Why Medicating Our Son’s ADHD May Have Saved His Life

Two years ago, after a particularly difficult and frightening summer for our family, we received the ADHD diagnosis for our oldest child and made the decision to medicate. I believe it has saved his life, for many reasons, some that I won’t divulge here because he is now older and I feel that some things should be kept private, but it was a very intense two years and a long road leading up to the diagnosis and our eventual decision to medicate.

In short, there were calls home from the school, slipping grades, aggression in the school yard and turmoil at home that made things unsafe for our family. He has always been a smart child and an amazing athlete, but the symptoms of ADHD were hindering his abilities, affecting his well being and the well being of our family.

I wrote the following on the first day of giving my son medication in August of 2017:

Today was the first harmonious day we have experienced in our home in well over a year and I feel like crying tears of joy right now. I’ve been crying a lot lately, mostly tears of helplessness because I haven’t been able to find a way to help my oldest son and we have all been feeling like we are drowning.

Today my son said to me, “I feel like a new me” and my heart nearly burst with joy. He said he felt calm, that he didn’t feel angry, and for the first time in a long time, we saw the boy we knew was deep down inside of him. Today he was happy, agreeable, easy going and helpful. He showed gratitude and patience, and was able to respond to situations in a manner that was appropriate to the situation. He felt good, and it showed. 

Today our house was quieter, calmer, there were no meltdowns, tantrums, threats or fights. Today for the first time in over a year, our oldest son didn’t antagonize his younger siblings or call us names, he didn’t fight, act out, ignore us and bounce off the walls crying out that he hates his brain and wishes he was a “normal’ kid. A truly heartbreaking thing for a parent to hear. 

I didn’t feel like a terrible parent for not being able to “control” his behaviours or calm him with love and attention. I didn’t cry at night, wondering how I would wake up another day feeling helpless to his struggles and the heartbreaking things he said and did during an emotionally charged outburst. Today I didn’t lose my cool out of frustration or beat myself up thinking how I could have handled things better. I didn’t feel like a terrible mother. 

Today we started medication for ADHD and we felt like we gave our son his life back.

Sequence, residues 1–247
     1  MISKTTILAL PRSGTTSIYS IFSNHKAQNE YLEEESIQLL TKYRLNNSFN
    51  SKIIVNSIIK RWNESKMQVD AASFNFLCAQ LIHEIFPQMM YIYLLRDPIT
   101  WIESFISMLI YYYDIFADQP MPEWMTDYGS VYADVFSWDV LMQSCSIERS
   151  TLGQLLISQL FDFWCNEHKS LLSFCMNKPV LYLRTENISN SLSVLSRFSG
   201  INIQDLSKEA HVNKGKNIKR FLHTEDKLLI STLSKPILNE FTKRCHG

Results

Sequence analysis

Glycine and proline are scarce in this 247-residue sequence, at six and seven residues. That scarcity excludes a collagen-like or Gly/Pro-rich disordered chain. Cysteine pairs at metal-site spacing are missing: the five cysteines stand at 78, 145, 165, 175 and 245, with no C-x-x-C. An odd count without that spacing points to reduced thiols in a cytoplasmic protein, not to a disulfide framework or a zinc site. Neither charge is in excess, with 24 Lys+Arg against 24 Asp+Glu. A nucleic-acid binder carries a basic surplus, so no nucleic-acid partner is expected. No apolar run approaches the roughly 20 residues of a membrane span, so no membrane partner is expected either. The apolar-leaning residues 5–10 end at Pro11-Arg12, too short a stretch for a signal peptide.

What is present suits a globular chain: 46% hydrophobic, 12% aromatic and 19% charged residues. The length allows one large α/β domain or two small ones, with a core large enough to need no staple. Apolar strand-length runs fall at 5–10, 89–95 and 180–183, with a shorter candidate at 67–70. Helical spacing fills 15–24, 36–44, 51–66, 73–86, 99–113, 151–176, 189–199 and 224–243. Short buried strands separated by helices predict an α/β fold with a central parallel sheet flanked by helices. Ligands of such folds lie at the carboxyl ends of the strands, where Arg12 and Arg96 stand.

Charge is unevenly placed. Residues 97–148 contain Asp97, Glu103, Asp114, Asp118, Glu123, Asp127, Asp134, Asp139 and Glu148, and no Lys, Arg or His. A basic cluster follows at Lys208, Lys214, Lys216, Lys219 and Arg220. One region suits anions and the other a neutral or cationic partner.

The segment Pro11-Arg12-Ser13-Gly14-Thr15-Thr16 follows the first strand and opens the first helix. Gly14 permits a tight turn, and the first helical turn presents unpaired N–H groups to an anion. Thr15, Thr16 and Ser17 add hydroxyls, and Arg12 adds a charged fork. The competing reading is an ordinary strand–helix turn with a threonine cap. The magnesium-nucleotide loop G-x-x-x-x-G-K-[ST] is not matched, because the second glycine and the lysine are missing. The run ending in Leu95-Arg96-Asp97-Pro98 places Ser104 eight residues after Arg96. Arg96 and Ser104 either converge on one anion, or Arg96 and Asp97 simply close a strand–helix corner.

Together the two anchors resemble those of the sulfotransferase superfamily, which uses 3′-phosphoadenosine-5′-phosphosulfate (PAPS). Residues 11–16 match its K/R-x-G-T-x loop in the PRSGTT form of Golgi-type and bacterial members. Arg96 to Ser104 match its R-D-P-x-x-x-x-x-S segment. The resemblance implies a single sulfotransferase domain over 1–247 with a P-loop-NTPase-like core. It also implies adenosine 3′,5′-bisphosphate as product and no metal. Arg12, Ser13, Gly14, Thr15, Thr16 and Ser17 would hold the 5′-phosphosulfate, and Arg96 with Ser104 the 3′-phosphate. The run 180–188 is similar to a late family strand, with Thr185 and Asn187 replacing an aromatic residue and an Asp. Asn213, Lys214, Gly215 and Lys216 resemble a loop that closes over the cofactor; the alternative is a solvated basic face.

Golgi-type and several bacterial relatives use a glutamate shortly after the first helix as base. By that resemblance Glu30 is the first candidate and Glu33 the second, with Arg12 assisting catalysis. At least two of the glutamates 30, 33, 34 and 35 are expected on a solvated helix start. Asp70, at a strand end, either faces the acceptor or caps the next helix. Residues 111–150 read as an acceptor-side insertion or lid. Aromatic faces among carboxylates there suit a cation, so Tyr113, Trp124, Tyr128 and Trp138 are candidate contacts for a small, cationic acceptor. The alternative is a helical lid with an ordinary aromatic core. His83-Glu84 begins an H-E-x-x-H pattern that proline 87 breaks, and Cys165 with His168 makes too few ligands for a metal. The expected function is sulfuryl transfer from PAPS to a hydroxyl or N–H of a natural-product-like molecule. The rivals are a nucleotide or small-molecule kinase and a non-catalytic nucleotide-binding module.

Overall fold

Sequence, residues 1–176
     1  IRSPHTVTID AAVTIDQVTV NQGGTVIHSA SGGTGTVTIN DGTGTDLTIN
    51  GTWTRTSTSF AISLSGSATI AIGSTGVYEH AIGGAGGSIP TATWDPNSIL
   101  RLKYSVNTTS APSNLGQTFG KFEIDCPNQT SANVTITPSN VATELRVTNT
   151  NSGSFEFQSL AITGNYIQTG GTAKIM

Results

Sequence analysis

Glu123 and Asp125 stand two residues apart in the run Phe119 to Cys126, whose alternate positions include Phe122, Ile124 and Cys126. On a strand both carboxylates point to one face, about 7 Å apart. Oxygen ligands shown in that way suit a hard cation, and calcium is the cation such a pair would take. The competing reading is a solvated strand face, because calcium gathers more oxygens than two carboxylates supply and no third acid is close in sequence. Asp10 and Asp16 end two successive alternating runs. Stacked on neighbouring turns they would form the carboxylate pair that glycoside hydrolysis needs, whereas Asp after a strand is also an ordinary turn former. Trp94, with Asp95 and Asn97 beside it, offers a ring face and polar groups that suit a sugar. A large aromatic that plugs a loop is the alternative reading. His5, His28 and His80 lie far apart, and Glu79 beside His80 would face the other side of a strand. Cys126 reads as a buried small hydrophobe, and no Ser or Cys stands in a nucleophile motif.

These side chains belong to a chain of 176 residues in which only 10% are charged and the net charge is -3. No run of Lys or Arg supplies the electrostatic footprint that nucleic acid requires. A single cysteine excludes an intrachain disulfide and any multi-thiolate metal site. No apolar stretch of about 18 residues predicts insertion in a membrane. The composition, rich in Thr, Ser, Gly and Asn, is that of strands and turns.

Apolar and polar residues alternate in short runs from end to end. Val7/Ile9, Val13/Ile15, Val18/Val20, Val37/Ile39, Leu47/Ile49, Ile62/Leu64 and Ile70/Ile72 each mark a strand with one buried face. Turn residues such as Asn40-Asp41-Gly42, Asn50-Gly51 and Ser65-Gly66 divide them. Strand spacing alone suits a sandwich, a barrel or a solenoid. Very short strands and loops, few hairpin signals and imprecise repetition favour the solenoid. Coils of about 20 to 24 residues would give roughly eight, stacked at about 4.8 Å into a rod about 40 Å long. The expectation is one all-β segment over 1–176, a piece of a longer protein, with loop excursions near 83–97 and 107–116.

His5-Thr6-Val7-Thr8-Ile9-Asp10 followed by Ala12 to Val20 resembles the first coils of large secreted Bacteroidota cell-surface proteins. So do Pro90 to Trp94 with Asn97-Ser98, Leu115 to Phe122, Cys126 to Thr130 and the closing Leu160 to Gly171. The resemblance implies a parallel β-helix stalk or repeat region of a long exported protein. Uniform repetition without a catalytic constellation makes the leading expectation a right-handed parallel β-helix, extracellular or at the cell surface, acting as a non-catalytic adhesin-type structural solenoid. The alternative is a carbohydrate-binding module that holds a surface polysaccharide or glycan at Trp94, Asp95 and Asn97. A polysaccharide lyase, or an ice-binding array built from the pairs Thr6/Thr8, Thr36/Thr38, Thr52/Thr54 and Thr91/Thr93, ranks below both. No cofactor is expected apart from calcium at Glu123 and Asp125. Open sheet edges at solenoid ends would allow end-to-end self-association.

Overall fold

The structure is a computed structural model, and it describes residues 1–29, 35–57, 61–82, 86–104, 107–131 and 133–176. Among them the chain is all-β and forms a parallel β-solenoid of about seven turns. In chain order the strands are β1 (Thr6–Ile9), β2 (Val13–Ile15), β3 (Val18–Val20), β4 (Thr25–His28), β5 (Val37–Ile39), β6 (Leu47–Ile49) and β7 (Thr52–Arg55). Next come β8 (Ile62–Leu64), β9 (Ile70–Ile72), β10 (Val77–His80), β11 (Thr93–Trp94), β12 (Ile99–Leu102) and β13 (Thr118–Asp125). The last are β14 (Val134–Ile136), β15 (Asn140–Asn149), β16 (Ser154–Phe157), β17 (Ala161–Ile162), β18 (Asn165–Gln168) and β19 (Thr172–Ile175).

I will admit that I used to view ADHD in the way that television or movies portrayed it; as hyperactivity and a lack of focus, but that’s only a small portion of the challenges people with ADHD face. They may also struggle with impulses, emotional regulation, aggression, concentration, organization, and extreme difficulties accomplishing regular tasks of every day life.

The opinions of others made me feel like we had given up by medicating our son, but in reality if we hadn’t stepped in, I feared the worst for him. The truth is, unless you are living in someone’s home, experiencing their lives firsthand and walking in their shoes, you wouldn’t know what is best for their family or their child.

So although I know I will have to deal with the occasional comments and criticisms or skeptical looks from outsiders when they hear about medication or ADHD, I know what science says, I know what my experiences say and I know what my heart says. 

I realized that there was no amount of love, activity, diet change, positive parenting class or essential oil that could have changed things for our son, because ADHD starts inside a person’s brain. Without getting into the science behind it, their brains are different, they are lacking certain chemicals and it affects their mental health and wellness. 

Although we realize medication is most useful in conjunction with therapy and positive parenting, and that medication is only the beginning of our journey, we feel it is a necessary step to help improve our son’s quality of life and to realize his true potential. To calm the negative thoughts and turmoil in his mind so he can see through the fog and know how amazing he really is. 

There are many people in our family who struggle with ADHD, and some of them are adults, so although some argue that it is overdiagnosed in children, contrary to outdated mentality, it is NOT a made up illness. ADHD is a brain disorder, not a behavior problem or a result of bad parenting.

I know this, because today I saw the symptoms of ADHD lifted from my child and when the smoke cleared, a happier, healthier 7 year old re-emerged.

Today was a good day.

 

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Be Free

Sometimes we have to let go…
Let go of what other people think of us,
Let go of drama, toxicity, and
people who are committed to misunderstanding us,
Let go of the what-ifs and embrace the uncertainty
with open arms.

Sometimes we need to release…
Release the hold that other people have on our minds
and clear the path for positive energy,
Release the need to explain ourselves, the need to redeem ourselves,
the need to tame ourselves
to make others comfortable.

Sometimes we have to move on…
Move on from people, places and things,
that poison our hearts, our minds and our spirits
Move on from pain, hurt, and setbacks
and open ourselves to new experiences.

Being comfortable won’t help us learn.
Being stuck won’t help us grow,
Being trapped by the limiting beliefs in our minds
won’t give us the life we want.

Sometimes fear keeps us from sharing the best parts
of ourselves, and prevents us from truly living,
Fear holds us back from the things we deserve
and the people we need,
Fear puts us in a box with a label and leaves no room
for change.

Allow yourself to let go, move forward, release the chains